Nurdles: destruction in small packages

Aidan Henri
11 January 2018

“I am a piece of marine debris, that found a way into the sea,

Over the waves and into the bay, I have traveled a long way.

But on the beach I do not belong, I get eaten by shore birds that scurry along,

So why don’t you show some care, and pick me up for I do not belong there,

You can hand me in to NVT, they know how to handle me.” ~ Aidan Henri

 

Yip, you guessed it, we’re talking about nurdles. So what is all the fuss about anyway? Do you think conservation agencies are going overboard? (Much like that container that put them in our ocean in the first place). Plastics have been washing up on shores for decades now so what’s a couple of little nurdles going to do?

Well lets LOOK at it like this. Nurdles are transparent microplastics roughly the size of a lentil. They are barely visible to the human eye when walking along the tidal zone - the zone you are most likely to find them in. However, to a bird’s eye the situation LOOKS different.

Picture9

From left to right: Nurdles collected by Greenwood Bay College; 
nurdles on Nature's Valley Beach; a closer look and a collection of nurdles
collected so far.

Birds unlike humans have five sets of cone cells in their eyes whereas humans only have three (red, green and blue). It is the cone cells that allow us to depict colour. The cones cell of birds have special oil droplets on them which help filter the light, making the cones more sensitive to smaller ranges of colour. As they have five different sorts of oil filters the eyes of birds can often see a far more subtle world than we can. Therefore that colourless nurdle to our eyes looks quite different to a bird. Sea birds such as the Procellariformes use red oil filters to cut out the blue light scattered up from the sea. This makes it easier for them to discern small objects floating on or near the surface (www.birdsofeden.co.za). 

It’s no wonder these tiny pellets washing up get mistaken for food right? Can’t really blame the bird. Once ingested these pellets get stuck in the gullet making them feel full, ultimately they stop eating real food and can starve to death.

In addition, nurdles and other plastics when at sea act as a sponge attracting other contaminants to their surface, known as Persistent Bioaccumulating Toxins (PBTs). PBTs are industrial chemicals that can accumulate in animal and human tissue causing long term ecological damage (www.nurdlehunt.org.uk).  Anyone remember the DDT out cry of the late 1950s in the USA. Lets recap.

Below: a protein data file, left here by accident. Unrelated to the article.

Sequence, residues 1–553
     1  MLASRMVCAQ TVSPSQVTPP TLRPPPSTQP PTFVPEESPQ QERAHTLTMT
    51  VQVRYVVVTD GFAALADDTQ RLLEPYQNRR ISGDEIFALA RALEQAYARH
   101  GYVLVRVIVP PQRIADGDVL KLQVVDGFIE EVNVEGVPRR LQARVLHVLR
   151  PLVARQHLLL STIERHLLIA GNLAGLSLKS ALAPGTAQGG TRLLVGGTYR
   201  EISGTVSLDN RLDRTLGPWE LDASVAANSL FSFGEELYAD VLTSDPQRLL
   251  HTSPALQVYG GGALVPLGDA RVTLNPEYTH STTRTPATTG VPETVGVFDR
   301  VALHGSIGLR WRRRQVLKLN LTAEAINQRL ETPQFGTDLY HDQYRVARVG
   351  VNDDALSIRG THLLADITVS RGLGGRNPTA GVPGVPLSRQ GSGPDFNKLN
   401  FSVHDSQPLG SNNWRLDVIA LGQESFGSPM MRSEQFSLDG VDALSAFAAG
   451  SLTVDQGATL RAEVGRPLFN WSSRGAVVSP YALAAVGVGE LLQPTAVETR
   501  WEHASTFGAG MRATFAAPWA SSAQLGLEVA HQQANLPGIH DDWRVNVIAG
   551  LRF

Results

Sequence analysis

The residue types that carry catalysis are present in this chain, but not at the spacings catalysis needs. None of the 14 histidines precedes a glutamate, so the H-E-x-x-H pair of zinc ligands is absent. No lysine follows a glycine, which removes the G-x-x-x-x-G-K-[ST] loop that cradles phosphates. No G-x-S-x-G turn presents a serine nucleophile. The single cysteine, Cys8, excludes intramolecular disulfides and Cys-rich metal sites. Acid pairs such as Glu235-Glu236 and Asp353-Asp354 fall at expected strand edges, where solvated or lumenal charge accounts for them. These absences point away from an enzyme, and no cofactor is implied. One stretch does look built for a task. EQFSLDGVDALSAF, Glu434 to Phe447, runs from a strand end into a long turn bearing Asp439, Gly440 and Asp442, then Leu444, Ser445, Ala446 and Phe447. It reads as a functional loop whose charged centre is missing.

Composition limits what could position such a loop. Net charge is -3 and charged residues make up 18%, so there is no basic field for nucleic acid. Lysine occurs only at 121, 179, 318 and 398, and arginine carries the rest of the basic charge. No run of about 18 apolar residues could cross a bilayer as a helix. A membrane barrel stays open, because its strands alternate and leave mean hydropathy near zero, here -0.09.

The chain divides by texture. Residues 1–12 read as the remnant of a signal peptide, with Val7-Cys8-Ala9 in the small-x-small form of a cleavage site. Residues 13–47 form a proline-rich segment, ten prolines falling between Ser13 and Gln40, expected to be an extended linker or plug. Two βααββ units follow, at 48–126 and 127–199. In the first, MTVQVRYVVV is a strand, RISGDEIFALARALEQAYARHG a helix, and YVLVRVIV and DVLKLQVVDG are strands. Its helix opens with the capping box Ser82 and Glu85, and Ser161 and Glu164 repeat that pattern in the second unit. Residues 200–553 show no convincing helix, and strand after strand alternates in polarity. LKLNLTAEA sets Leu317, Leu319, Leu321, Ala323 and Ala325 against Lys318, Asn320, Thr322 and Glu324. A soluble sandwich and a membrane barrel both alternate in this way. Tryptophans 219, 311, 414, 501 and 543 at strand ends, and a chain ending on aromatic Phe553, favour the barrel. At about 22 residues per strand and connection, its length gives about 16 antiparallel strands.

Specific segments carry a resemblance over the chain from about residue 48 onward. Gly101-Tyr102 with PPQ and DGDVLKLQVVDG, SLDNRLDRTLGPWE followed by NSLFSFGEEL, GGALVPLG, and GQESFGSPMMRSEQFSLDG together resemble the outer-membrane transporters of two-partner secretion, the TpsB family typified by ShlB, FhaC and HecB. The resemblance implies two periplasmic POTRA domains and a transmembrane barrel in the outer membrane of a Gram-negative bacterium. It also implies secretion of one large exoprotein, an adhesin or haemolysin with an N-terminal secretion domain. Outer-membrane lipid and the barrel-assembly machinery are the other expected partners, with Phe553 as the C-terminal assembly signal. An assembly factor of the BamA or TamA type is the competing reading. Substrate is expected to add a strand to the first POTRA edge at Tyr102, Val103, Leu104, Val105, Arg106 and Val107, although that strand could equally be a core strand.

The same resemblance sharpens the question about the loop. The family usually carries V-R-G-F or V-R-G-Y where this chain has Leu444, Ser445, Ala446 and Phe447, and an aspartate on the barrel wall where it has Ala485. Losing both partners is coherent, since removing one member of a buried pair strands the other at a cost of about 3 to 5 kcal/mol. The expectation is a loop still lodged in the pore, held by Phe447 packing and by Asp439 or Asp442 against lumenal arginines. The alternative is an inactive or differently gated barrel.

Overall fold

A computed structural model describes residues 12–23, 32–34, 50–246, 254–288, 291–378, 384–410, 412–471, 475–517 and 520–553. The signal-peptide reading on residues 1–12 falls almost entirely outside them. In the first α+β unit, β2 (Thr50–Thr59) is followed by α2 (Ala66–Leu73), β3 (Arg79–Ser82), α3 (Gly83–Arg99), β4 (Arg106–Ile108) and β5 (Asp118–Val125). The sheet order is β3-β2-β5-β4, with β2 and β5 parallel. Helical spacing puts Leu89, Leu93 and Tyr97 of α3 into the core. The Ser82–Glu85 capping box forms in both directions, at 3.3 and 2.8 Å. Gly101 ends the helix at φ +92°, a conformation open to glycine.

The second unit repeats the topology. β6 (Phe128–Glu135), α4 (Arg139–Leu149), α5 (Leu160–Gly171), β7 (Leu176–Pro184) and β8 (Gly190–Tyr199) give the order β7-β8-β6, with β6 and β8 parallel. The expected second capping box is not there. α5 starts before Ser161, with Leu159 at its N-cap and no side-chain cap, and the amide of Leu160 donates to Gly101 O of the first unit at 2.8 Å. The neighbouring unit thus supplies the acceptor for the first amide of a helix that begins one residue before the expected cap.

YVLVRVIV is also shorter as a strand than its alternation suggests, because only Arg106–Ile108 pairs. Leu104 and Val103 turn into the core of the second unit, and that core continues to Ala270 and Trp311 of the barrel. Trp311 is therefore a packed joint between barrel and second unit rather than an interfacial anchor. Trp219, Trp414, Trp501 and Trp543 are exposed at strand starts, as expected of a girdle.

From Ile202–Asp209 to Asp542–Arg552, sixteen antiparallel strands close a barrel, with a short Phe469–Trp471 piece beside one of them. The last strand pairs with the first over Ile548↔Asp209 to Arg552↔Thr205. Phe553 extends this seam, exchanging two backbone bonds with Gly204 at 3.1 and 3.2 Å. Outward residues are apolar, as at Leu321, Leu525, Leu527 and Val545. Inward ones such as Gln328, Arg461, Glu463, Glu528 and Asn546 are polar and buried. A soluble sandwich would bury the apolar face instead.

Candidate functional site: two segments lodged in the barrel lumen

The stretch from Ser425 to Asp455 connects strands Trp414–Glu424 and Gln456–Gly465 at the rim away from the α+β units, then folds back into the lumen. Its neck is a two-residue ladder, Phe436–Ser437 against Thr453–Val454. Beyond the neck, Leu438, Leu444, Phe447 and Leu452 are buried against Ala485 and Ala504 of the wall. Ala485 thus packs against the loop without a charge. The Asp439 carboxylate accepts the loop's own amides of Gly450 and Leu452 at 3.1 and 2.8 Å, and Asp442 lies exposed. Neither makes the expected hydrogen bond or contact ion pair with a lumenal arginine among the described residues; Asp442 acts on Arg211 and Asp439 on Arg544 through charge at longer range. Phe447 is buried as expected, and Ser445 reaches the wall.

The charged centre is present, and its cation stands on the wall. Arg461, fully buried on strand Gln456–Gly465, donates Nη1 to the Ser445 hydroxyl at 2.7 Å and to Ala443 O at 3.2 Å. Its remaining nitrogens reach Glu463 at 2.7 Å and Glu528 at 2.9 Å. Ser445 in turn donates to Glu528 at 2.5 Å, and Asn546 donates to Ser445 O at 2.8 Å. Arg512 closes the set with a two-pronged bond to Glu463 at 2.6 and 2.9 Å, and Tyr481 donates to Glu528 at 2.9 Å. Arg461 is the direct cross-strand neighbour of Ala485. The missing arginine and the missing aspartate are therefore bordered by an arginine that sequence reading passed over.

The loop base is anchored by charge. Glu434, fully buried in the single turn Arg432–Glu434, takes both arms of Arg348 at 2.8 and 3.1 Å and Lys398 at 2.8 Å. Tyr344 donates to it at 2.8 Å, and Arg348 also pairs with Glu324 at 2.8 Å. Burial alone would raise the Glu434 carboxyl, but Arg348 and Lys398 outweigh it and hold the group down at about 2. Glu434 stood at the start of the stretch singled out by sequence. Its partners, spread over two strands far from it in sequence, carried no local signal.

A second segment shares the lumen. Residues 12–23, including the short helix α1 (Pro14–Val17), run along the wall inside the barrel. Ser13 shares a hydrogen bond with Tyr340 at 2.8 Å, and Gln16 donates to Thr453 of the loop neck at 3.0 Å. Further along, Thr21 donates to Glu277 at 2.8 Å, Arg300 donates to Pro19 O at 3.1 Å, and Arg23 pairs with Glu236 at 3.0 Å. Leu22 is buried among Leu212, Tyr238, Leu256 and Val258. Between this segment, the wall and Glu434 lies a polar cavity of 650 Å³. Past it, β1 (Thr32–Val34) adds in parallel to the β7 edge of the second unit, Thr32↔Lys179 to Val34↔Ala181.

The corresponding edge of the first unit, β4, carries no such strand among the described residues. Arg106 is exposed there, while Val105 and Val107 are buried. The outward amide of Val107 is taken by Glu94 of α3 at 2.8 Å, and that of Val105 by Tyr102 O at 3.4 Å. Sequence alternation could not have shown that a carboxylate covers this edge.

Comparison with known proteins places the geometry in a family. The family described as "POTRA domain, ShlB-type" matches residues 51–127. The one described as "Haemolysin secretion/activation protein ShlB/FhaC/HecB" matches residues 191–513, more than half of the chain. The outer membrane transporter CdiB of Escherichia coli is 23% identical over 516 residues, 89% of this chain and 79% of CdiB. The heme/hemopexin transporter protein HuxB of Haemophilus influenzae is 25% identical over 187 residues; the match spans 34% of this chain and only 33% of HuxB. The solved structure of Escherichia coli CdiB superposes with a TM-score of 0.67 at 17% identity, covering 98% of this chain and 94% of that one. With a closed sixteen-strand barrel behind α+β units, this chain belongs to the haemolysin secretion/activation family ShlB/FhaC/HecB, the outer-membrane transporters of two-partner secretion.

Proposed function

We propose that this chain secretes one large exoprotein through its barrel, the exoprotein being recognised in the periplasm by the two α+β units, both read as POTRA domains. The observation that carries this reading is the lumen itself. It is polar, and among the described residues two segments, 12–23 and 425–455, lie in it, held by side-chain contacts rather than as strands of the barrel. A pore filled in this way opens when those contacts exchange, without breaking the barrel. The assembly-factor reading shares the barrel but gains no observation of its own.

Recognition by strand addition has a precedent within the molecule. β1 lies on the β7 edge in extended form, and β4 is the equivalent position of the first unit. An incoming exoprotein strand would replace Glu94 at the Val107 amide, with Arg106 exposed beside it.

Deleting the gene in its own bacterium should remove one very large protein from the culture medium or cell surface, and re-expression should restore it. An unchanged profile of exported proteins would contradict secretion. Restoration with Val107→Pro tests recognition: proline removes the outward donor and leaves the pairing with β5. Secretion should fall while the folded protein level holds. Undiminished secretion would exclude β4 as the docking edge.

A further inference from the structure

In most marine communities, the living weight (biomass) of fish-eating birds is less than that of the fishes they eat. When a tonne of contaminated fishes is turned into 200 pounds of seabirds, most of the DDT from the numerous fishes ends up in a relatively few birds. As a result, the birds have a higher level of contamination per pound than the fishes do. If Peregrine Falcons feed on the seabirds, the concentration becomes higher still. With several concentrating steps in the food chain very slight environmental contamination can be turned into a heavy pesticide load in birds at the top of the food chain. The worst part of the 1950s DDT disaster was that the DDT altered the birds calcium metabolism which resulted in birds laying eggs with thinner and weaker eggshells. These eggs were then crushed under the weight of the parents incubating the eggs and ultimately lead to reproductive failure. Shell-thinning resulted in the decimation of the Brown Pelican populations in much of North America and the extermination the Peregrine Falcon in the Eastern United States and South-eastern Canada. DDT was banned almost totally in the United States in 1972.

The inadvertent consumption of nurdles by shorebirds could have similar deleterious effects on local populations if we are not careful and do not monitor the situation. Our very own white-fronted plover already faces so many threats when it comes to reproductive success, from humans, dogs, gulls and raptors, and climate change. Does it really need one more? From the likes of a silly little pellet? It’s these lessons from the past that cause ecologists to ring the alarm bell on nurdles washing up on our beaches. Who really knows the long-term impacts. But by the time we do it may be too late.

Picture12

 White-fronted Plover and African Black Oystercatcher, some of the shore
birds that may be effected by nurdles


What would Nature’s Valley be without the sound of the Kelp gull or African Black Oystercatcher? Without the White Fronted Plover skittering across the beach, without the Giant Kingfisher perched in a tree across the estuary. These are the things that give Nature’s its charm and if a silly little nurdle could compromise this for generations to come, then yes it is worth the fuss.

Let’s take this time to sit back and reflect on the impact our consumption and expenditure is having on our beloved holiday destinations. As many of us pack up to head home lets sit back and reflect on some bad practices we may have acquired over the year. Lets set fresh goals and let 2018 be the year of smart choices, the year to take ownership of your daily role and responsibility in looking after the environment you are blessed to be a part of.

 

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